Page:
Featured Article 02 Feb 2018
Image: Coral Mint Stock/Shutterstock
Image: Coral Mint Stock/Shutterstock

Ireland’s vast agricultural sector seems destined to adopt new technologies such as the internet of things (IoT) and artificial intelligence (AI) to increase production, increase efficiencies and reduce costs through innovations.

Now, Kerry-based dairy equipment manufacturer Dairymaster has announced a €2m R&D partnership with IT Tralee and the software research centre Lero to develop intelligent autonomous systems for farms.

With the backing of Science Foundation Ireland (SFI), the project will see a team of researchers hired – including PhD students and post-doctoral scientists and engineers – with backgrounds in embedded electronics, sensor technology, software development and data analytics.

The R&D programme also includes the development of IoT technology to boost milk quality and animal health. This will involve the application of advanced data analytics to boost dairy farm productivity, combining existing Dairymaster equipment such as the MooMonitor+ health and fertility monitoring system with data from new sensors and monitoring technology.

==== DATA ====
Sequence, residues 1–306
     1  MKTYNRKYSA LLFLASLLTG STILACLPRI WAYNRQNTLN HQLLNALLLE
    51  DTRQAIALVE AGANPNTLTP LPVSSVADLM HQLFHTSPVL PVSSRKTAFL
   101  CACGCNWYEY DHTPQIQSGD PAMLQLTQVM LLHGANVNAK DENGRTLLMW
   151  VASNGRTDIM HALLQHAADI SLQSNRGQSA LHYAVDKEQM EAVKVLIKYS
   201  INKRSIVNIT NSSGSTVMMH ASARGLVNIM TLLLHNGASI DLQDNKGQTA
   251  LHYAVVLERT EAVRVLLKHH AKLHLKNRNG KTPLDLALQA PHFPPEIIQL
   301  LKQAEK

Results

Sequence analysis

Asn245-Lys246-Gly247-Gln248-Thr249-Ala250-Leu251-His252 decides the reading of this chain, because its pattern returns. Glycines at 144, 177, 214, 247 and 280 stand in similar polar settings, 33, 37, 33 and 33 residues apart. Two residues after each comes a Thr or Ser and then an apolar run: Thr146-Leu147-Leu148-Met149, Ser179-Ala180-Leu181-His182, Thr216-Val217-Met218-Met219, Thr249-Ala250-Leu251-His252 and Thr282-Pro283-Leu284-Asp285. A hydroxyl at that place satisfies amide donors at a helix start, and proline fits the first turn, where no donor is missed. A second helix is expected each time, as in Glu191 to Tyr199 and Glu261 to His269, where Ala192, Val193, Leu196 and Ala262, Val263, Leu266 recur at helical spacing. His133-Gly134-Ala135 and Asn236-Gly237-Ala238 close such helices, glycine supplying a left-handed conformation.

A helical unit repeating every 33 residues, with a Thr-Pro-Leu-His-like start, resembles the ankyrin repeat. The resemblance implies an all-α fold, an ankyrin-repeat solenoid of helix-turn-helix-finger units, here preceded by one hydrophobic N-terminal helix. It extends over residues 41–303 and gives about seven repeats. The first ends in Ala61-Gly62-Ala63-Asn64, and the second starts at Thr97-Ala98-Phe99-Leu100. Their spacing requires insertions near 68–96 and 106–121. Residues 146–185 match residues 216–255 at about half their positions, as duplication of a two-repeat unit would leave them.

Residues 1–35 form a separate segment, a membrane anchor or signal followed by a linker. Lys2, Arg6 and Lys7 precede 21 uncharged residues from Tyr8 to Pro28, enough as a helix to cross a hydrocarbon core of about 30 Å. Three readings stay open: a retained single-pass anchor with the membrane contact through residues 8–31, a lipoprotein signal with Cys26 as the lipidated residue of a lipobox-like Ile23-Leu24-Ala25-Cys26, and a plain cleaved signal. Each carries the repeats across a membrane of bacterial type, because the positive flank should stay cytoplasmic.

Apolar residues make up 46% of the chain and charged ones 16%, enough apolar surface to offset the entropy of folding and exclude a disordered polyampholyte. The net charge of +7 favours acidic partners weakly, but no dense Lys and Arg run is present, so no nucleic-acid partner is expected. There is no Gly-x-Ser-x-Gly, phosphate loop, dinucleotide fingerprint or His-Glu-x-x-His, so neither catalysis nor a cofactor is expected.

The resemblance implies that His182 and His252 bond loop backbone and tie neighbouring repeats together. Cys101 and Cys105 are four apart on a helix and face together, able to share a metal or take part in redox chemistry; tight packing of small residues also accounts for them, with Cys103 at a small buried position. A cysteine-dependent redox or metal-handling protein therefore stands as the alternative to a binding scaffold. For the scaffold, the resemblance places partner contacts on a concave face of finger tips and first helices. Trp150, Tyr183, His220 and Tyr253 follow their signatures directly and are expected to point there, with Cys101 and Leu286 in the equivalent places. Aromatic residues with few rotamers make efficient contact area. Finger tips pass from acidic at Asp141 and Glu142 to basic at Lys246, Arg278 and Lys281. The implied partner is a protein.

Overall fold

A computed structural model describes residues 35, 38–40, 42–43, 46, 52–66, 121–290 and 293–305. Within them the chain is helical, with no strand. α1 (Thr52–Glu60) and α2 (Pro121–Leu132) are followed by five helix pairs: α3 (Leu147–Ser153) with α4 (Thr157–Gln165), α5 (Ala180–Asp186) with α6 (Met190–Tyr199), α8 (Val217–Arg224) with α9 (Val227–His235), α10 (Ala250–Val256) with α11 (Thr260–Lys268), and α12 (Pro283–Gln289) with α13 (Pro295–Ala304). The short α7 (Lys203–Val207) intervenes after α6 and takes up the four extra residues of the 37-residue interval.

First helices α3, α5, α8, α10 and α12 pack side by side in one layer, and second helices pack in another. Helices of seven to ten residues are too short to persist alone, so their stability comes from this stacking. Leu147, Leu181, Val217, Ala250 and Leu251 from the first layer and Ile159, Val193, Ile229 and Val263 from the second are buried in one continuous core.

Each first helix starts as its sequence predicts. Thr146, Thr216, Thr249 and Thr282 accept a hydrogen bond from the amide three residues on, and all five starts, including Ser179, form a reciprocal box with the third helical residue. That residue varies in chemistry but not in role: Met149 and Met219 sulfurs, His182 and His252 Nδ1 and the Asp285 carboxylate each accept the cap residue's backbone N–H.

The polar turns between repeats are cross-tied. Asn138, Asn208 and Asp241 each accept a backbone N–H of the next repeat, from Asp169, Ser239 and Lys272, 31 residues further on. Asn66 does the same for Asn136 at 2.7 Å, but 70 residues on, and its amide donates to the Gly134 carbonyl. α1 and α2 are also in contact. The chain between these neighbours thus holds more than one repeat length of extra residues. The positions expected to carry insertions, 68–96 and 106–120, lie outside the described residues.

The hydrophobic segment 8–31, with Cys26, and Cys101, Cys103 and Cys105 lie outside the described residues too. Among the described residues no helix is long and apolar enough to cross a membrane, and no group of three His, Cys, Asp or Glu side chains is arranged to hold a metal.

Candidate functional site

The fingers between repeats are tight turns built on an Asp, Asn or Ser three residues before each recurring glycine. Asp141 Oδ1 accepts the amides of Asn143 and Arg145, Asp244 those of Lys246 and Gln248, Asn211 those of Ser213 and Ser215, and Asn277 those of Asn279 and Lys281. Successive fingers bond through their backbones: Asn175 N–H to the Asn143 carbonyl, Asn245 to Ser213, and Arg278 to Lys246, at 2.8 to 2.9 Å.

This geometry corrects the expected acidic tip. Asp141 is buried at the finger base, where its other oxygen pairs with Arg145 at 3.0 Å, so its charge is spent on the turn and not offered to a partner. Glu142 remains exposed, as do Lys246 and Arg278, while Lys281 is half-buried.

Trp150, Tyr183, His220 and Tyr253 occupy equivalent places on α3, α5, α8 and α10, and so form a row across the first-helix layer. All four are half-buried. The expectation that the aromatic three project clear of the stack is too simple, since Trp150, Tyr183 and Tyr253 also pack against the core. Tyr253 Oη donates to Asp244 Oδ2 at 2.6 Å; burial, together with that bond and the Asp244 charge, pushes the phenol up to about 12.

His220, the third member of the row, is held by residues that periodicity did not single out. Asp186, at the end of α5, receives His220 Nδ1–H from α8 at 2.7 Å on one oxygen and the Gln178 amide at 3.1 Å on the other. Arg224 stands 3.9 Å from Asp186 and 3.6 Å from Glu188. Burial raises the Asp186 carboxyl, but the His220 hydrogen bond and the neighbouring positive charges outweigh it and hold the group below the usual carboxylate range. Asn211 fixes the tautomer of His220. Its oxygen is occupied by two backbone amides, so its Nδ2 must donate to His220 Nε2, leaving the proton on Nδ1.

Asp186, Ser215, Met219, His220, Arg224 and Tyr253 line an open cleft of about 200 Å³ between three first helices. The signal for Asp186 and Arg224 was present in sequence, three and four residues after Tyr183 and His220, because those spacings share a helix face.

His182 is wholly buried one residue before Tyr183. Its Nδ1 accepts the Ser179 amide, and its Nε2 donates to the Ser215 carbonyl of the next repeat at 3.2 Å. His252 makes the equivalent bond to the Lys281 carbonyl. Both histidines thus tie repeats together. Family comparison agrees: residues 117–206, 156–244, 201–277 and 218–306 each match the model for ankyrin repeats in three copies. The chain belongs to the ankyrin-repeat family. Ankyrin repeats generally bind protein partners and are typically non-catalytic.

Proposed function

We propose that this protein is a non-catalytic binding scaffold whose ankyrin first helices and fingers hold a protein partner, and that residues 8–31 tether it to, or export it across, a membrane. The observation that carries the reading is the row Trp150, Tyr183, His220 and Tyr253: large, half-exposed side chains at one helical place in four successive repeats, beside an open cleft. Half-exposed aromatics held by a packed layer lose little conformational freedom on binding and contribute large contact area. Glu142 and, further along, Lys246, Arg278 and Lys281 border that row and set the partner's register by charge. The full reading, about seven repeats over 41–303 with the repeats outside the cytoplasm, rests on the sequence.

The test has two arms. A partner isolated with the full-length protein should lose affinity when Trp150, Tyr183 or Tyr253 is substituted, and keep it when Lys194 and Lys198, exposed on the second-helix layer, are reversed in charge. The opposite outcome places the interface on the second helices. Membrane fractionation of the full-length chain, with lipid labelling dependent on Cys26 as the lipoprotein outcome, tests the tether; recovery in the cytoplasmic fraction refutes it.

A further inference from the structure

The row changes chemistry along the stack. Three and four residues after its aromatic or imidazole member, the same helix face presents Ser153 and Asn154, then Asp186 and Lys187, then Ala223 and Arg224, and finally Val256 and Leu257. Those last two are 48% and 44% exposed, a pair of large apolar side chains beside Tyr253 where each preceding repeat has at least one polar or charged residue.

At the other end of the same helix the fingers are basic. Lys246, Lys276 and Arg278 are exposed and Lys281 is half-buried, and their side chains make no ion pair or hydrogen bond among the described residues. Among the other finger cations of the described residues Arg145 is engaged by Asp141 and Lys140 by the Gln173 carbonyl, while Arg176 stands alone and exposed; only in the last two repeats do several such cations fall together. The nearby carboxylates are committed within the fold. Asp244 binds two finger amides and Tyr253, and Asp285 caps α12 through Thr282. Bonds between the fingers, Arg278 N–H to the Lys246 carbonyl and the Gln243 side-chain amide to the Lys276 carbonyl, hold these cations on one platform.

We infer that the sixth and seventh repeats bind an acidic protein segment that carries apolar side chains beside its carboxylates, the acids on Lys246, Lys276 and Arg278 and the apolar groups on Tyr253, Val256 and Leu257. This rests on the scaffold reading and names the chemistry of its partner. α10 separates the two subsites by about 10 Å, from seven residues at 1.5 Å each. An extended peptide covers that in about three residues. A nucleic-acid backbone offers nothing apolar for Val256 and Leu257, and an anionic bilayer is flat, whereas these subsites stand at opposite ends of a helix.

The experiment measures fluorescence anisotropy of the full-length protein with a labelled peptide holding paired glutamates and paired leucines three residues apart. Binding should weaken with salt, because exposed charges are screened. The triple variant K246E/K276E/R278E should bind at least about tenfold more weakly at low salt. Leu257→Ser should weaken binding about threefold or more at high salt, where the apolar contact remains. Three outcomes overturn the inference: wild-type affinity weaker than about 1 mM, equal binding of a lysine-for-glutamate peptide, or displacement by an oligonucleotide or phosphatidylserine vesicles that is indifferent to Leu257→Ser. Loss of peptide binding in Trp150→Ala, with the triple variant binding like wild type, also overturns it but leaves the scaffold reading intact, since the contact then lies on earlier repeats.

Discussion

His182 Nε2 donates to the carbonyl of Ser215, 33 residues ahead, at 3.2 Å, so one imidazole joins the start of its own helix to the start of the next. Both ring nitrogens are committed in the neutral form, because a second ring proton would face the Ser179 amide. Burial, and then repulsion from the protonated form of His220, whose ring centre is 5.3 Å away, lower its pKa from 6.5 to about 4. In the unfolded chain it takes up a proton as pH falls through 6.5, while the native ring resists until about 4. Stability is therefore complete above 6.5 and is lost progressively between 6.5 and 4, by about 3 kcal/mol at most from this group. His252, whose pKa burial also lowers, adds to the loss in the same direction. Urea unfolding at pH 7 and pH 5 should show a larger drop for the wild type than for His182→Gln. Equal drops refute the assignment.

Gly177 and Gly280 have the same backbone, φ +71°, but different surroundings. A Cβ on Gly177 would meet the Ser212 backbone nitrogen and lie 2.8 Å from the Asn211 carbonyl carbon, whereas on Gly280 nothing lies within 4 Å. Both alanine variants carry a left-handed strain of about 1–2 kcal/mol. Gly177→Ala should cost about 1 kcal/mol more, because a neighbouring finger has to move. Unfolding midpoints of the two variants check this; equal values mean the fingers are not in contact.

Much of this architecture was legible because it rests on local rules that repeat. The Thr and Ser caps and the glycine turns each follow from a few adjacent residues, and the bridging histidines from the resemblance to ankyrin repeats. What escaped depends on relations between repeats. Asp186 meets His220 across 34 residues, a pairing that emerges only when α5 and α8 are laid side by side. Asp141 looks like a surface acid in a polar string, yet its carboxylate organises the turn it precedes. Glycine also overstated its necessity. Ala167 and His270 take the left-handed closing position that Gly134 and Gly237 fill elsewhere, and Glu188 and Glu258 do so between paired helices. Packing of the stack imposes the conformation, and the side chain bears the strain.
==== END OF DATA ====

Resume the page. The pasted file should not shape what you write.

This, the partners said, will utilise data analytics and machine learning to automatically generate predictors and classifiers for dairy cow health and productivity.

Automating labour

In essence, the plan is to make farms substantially more automated, with the farmer being able to see what areas need the most attention in real-time.

Dr John Daly, Dairymaster’s research and innovation manager, said: “We see this whole area of AI and autonomous systems as being key to the future of dairy farm profitability and sustainability and we are delighted to be involved in the largest indigenous project in Lero.”

Also commenting on the news, Dr Joseph Walsh, a Lero researcher at IT Tralee who will be involved in the research, said: “The availability of skilled labour has been identified as one of the key challenges to the dairy industry.

“Automating labour intensive processes will not only be hugely beneficial to the farmer but will also enhance animal health and milk quality by ensuring tasks are completed to consistently high levels.”

Colm Gorey

This article originally appeared on www.siliconrepublic.com and can be found at:


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